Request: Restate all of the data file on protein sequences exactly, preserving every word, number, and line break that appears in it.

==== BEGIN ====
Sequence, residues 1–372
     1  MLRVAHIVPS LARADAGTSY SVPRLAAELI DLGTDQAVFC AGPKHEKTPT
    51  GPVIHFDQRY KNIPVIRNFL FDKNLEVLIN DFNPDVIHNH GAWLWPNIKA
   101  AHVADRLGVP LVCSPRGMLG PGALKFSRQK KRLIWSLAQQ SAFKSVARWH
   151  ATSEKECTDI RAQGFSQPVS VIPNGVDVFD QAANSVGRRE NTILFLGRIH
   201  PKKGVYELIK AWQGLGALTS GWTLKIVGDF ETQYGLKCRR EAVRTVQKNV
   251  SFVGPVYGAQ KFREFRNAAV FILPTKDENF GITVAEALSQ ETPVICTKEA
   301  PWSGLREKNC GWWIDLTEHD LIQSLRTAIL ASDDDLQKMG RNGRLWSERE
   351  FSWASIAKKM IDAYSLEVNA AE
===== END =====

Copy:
Sequence, residues 1–372
     1  MLRVAHIVPS LARADAGTSY SVPRLAAELI DLGTDQAVFC AGPKHEKTPT
    51  GPVIHFDQRY KNIPVIRNFL FDKNLEVLIN DFNPDVIHNH GAWLWPNIKA
   101  AHVADRLGVP LVCSPRGMLG PGALKFSRQK KRLIWSLAQQ SAFKSVARWH
   151  ATSEKECTDI RAQGFSQPVS VIPNGVDVFD QAANSVGRRE NTILFLGRIH
   201  PKKGVYELIK AWQGLGALTS GWTLKIVGDF ETQYGLKCRR EAVRTVQKNV
   251  SFVGPVYGAQ KFREFRNAAV FILPTKDENF GITVAEALSQ ETPVICTKEA
   301  PWSGLREKNC GWWIDLTEHD LIQSLRTAIL ASDDDLQKMG RNGRLWSERE
   351  FSWASIAKKM IDAYSLEVNA AE